As the title of this book by Nicole Y. Adams suggests, its content is all about diversification. What is it? Is it today or will it soon become a necessity? How can a translator diversify? Dozens of professionals in the language industry share their experiences of diversification in a collection of essays and interviews.
When the book was published back in 2013, diversification was a major issue. Today, I feel, it is even more of a reality for many language professionals around the world. Regardless of whether you’re a newcomer to the profession or an established language professional, this book is a good read. It is also worth your while even if you feel you are better off doing only translation work forever. You might come up with interesting ways to diversify that you would never think of. You never know.
Translators often work by themselves with little human face-to-face contact. This book gives you a wide range of ideas of language-related services that allow you to get out of the house and meet new people. You can also feel like diversifying because you’ve been freelancing for long and would appreciate a change of scenery. Or you’ve found a way to monetize your language-related hobby.
Nicole believes that
How to diversify?
I randomly chose some examples of diversification cases mentioned in the book:
TEACHING – having been an EFL teacher myself, I couldn’t help but write about this one first.
In Nicole’s book, Vanda Nissen, an English-Russian translator, shares her experience as an online language teacher. Teaching languages online is, according to Vanda, “becoming more and more popular due to its effectiveness, lower cost and use of new technologies”. Because she already had teaching qualifications, when the opportunity to provide language lessons arose, she took it. Teaching business people and children via Skype for different schools proved to be “a valuable experience”.
COPYWRITING – Italian translator Alessandra Martelli also believes in the importance of offering complementary or additional services. This is mostly due to the fact that we’re in a “crowded and messy marketplace”. Alessandra says she found a balance between specialization and diversification, which she calls “re-specialization”. What this means is that you take a set of core skills and successfully adjust it “to fit new requirements and generate new business opportunities.” Professionals can take the skills they already possess and, by adding new knowledge, make new combinations and offer new services. This is how this professional translator got into copywriting. By making suggestions to better her clients’ promotional texts, she started getting asked to write their presentations and press releases.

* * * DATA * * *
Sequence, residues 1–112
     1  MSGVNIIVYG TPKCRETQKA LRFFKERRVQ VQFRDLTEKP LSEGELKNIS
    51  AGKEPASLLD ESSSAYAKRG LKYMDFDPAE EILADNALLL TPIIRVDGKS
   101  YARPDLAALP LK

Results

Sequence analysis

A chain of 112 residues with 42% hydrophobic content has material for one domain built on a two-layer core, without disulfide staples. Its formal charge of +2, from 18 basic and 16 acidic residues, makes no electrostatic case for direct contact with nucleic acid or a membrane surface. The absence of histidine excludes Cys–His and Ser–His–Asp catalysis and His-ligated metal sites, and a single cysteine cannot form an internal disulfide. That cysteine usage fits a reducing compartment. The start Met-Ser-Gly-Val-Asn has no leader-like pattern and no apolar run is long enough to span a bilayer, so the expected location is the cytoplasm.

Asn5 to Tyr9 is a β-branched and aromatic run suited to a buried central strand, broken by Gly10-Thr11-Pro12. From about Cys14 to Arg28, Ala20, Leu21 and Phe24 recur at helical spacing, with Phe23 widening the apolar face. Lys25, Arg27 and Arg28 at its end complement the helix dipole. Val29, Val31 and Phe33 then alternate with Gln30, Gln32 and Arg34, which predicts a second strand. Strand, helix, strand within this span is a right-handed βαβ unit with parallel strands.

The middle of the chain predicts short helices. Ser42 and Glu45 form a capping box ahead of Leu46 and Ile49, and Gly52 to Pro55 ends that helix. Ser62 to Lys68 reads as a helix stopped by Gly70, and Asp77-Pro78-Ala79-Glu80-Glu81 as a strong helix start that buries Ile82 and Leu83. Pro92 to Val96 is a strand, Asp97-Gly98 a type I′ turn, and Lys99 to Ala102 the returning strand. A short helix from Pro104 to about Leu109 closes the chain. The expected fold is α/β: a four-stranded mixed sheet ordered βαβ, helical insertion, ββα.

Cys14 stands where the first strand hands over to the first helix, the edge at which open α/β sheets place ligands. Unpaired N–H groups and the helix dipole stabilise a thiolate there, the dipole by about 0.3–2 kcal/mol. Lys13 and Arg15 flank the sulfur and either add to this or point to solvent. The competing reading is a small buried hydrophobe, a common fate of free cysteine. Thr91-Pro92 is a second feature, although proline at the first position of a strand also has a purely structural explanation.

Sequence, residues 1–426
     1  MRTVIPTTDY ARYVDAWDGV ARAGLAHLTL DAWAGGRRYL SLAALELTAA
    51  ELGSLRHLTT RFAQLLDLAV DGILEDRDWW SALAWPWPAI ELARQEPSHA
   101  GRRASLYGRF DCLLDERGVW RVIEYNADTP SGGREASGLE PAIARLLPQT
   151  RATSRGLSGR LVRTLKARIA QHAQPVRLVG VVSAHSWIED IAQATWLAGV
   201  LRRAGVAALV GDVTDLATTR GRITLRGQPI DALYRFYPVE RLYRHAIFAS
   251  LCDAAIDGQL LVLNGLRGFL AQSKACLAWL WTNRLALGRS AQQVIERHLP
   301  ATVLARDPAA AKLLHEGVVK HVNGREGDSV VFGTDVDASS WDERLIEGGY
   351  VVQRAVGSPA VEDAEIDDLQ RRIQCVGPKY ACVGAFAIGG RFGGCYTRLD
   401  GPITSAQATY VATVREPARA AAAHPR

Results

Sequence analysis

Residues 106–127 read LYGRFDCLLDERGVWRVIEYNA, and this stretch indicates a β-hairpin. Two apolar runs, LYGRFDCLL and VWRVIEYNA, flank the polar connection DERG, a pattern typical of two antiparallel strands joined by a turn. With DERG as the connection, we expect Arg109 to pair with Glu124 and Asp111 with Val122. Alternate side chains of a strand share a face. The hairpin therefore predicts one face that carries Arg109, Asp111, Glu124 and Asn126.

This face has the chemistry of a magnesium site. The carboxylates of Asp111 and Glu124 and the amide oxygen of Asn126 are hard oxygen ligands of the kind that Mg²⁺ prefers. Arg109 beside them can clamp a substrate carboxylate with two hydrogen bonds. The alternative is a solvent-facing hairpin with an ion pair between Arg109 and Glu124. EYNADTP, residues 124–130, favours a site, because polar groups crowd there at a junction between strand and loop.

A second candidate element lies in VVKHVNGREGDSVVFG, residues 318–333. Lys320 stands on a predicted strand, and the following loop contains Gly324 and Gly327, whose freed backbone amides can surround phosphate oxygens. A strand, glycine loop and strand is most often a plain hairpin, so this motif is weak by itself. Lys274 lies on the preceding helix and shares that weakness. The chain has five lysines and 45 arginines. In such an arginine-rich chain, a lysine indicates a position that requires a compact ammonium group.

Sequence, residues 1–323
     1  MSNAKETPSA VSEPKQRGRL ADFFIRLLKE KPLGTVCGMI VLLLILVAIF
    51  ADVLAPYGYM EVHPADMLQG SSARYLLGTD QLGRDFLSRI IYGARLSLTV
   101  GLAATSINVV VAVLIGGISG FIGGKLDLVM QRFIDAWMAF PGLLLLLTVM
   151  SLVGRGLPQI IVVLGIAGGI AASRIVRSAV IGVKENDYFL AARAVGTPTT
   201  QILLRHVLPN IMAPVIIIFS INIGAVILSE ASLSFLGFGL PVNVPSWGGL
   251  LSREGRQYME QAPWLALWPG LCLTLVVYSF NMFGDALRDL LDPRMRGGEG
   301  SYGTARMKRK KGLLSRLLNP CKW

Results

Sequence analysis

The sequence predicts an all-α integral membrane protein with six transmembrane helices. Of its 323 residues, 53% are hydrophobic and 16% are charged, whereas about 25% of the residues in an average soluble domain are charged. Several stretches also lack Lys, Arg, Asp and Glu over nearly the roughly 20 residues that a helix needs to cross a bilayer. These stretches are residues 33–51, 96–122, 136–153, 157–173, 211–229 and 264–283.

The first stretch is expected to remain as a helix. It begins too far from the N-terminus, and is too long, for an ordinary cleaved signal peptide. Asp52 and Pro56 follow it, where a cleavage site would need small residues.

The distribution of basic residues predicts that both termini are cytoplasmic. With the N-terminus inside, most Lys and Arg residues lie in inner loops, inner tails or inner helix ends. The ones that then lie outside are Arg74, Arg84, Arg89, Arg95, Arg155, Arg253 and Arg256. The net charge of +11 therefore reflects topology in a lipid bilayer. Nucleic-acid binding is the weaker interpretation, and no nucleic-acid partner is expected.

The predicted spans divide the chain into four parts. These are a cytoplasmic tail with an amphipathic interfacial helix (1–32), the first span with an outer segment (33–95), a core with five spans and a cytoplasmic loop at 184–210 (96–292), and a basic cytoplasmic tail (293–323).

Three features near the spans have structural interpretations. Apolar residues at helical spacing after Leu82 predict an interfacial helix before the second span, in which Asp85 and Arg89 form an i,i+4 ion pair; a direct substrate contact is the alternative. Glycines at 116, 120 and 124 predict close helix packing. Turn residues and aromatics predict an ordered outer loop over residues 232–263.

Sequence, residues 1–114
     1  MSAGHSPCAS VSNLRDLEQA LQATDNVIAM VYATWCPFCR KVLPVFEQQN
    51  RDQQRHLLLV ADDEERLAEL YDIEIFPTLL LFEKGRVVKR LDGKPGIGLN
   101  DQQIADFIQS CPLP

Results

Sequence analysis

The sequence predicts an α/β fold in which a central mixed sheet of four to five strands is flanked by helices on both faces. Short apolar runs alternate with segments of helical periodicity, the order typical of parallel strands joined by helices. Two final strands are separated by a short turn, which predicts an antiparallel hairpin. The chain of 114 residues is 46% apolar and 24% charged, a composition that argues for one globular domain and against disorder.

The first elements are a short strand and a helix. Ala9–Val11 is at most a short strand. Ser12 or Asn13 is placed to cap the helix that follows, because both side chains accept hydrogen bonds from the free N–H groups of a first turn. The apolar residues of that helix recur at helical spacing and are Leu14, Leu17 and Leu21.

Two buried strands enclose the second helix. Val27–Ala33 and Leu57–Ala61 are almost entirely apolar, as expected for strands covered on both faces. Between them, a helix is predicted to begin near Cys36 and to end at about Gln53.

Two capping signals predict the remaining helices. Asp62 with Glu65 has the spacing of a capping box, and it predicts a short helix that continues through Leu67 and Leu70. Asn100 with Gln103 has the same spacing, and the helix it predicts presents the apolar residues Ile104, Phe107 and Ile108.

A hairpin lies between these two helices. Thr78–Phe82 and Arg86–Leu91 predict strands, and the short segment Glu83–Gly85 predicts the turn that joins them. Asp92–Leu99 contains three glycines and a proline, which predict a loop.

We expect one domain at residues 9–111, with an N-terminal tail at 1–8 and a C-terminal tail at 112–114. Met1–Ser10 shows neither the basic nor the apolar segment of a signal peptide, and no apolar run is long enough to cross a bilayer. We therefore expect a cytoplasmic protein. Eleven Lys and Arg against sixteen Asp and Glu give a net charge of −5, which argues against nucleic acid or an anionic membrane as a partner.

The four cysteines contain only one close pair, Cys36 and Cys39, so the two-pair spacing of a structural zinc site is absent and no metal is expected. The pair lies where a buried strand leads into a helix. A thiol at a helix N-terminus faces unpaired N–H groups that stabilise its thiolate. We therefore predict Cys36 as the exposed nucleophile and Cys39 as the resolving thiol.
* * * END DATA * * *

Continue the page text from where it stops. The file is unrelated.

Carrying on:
TRANSCRIPTION – Another contributor believes that translators should find their “interests and marketable skills” and add another service to their offer, right from the start. When offered transcription work from a former employer, freelance translator Karolina Kastenhuber saw no reason to decline. She was given training in transcription software and in the use of foot pedals and has since completed transcription assignments for several clients in different fields. Some of those transcription clients have later hired her for translation and editing services too.
ONLINE TRAINING COURSES – For Désirée Staude, diversifying is a must and no one can say that they don’t have the skills. After all, you can read blogs, books, take courses, ask colleagues, etc. So just think of something that you would really enjoy doing. In her case it was online training. Why? For the extra money and to help other translators, the same way fellow translators had helped her with their courses. She invested in improving her live presentations by listening to the recordings, making notes and rehearsing a lot. Despite the hard work and the time it takes to prepare the training sessions, she feels it’s all worth it.
BLOGGING AND SOCIAL NETWORKING – Don’t we all just love blogging and being on social media? But isn’t it all just for fun? According to Greek translator Catherine Christaki, freelance translators also need to be good marketers, bloggers, social media users and more. After nine years as a successful translator without a website, blog or social media presence, Catherine decided to get all those and created a brand. Her Twitter account was very successful from the beginning and so was (and still is) the blog.
Catherine believes blogging and social media can be a great way of finding new clients. Plus, you gain extra knowledge from all the articles and posts your read and share online. The bonus? You get to interacting with colleagues and likeminded people who “fully understand your daily trials and tribulations”. They might even request your services or recommend you to their clients.
Now, if none of these ideas attract you, you can always follow Anne-Marie Colliander Lind’s recommendation and differentiate. Her advice:
– Add a new language pair.
– Add another domain of specialization.
– Become the expert and make sure that your clients and colleagues see you as such.
– Embrace technology. “You need technology to do the bulk of the repetitive work”.
– Build a community. As the saying goes: “Sharing is caring”.
– Collaborate. Translation colleagues “are not your competitors; they are your potential co-workers”, says Anne-Marie.
– Make yourself equal before you differentiate. Make sure you can do what everybody else is doing and then supplement your skills with value-added services.
How’s that for great advice?
Bottom line, you don’t have to stick to translation alone if you have other interests. There’s a lot more a translator can do professionally. But whatever path you choose to take your business, make sure you enjoy every minute of it!
Have you read the book? Any thoughts or comments? I would love to hear from you in the comments section below!